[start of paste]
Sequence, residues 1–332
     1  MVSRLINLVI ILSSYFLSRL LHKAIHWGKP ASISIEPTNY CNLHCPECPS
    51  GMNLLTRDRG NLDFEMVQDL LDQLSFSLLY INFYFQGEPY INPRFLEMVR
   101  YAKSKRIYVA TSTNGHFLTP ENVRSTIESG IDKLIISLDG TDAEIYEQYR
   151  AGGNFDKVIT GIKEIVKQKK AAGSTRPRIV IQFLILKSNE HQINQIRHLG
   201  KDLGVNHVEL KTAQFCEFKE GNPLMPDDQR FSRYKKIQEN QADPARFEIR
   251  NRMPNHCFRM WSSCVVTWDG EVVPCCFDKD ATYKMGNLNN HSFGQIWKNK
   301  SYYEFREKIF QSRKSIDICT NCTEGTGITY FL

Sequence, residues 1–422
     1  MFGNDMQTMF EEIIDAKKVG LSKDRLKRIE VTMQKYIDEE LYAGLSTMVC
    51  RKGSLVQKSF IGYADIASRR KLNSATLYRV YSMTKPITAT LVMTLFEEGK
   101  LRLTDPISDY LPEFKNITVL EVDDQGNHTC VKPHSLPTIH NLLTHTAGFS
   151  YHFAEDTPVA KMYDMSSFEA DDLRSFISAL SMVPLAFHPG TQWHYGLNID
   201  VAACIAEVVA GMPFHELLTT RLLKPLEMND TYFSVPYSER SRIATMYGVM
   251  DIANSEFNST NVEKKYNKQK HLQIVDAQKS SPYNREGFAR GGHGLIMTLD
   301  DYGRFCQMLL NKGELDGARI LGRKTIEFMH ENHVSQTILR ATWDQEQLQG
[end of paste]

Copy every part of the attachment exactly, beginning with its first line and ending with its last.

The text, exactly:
Sequence, residues 1–332
     1  MVSRLINLVI ILSSYFLSRL LHKAIHWGKP ASISIEPTNY CNLHCPECPS
    51  GMNLLTRDRG NLDFEMVQDL LDQLSFSLLY INFYFQGEPY INPRFLEMVR
   101  YAKSKRIYVA TSTNGHFLTP ENVRSTIESG IDKLIISLDG TDAEIYEQYR
   151  AGGNFDKVIT GIKEIVKQKK AAGSTRPRIV IQFLILKSNE HQINQIRHLG
   201  KDLGVNHVEL KTAQFCEFKE GNPLMPDDQR FSRYKKIQEN QADPARFEIR
   251  NRMPNHCFRM WSSCVVTWDG EVVPCCFDKD ATYKMGNLNN HSFGQIWKNK
   301  SYYEFREKIF QSRKSIDICT NCTEGTGITY FL

Sequence, residues 1–422
     1  MFGNDMQTMF EEIIDAKKVG LSKDRLKRIE VTMQKYIDEE LYAGLSTMVC
    51  RKGSLVQKSF IGYADIASRR KLNSATLYRV YSMTKPITAT LVMTLFEEGK
   101  LRLTDPISDY LPEFKNITVL EVDDQGNHTC VKPHSLPTIH NLLTHTAGFS
   151  YHFAEDTPVA KMYDMSSFEA DDLRSFISAL SMVPLAFHPG TQWHYGLNID
   201  VAACIAEVVA GMPFHELLTT RLLKPLEMND TYFSVPYSER SRIATMYGVM
   251  DIANSEFNST NVEKKYNKQK HLQIVDAQKS SPYNREGFAR GGHGLIMTLD
   301  DYGRFCQMLL NKGELDGARI LGRKTIEFMH ENHVSQTILR ATWDQEQLQG